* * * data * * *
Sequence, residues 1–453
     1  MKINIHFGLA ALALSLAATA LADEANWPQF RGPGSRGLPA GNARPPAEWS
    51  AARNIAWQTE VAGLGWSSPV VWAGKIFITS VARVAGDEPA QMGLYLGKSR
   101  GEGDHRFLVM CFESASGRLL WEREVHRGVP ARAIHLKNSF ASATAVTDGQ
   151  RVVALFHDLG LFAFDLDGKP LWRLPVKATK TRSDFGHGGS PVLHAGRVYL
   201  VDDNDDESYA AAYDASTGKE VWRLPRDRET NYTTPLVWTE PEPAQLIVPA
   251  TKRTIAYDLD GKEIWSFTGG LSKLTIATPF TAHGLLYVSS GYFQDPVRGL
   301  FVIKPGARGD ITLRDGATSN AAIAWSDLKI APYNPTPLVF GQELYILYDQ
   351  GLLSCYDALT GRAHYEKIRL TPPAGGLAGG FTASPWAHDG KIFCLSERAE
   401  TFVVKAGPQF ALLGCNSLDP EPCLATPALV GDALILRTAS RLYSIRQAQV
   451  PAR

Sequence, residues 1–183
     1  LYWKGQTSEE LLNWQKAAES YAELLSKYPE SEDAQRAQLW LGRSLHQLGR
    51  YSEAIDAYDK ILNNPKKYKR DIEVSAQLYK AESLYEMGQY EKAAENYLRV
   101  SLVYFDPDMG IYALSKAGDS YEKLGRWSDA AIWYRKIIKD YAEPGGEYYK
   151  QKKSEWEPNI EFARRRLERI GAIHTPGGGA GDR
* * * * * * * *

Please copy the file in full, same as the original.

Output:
Sequence, residues 1–453
     1  MKINIHFGLA ALALSLAATA LADEANWPQF RGPGSRGLPA GNARPPAEWS
    51  AARNIAWQTE VAGLGWSSPV VWAGKIFITS VARVAGDEPA QMGLYLGKSR
   101  GEGDHRFLVM CFESASGRLL WEREVHRGVP ARAIHLKNSF ASATAVTDGQ
   151  RVVALFHDLG LFAFDLDGKP LWRLPVKATK TRSDFGHGGS PVLHAGRVYL
   201  VDDNDDESYA AAYDASTGKE VWRLPRDRET NYTTPLVWTE PEPAQLIVPA
   251  TKRTIAYDLD GKEIWSFTGG LSKLTIATPF TAHGLLYVSS GYFQDPVRGL
   301  FVIKPGARGD ITLRDGATSN AAIAWSDLKI APYNPTPLVF GQELYILYDQ
   351  GLLSCYDALT GRAHYEKIRL TPPAGGLAGG FTASPWAHDG KIFCLSERAE
   401  TFVVKAGPQF ALLGCNSLDP EPCLATPALV GDALILRTAS RLYSIRQAQV
   451  PAR

Sequence, residues 1–183
     1  LYWKGQTSEE LLNWQKAAES YAELLSKYPE SEDAQRAQLW LGRSLHQLGR
    51  YSEAIDAYDK ILNNPKKYKR DIEVSAQLYK AESLYEMGQY EKAAENYLRV
   101  SLVYFDPDMG IYALSKAGDS YEKLGRWSDA AIWYRKIIKD YAEPGGEYYK
   151  QKKSEWEPNI EFARRRLERI GAIHTPGGGA GDR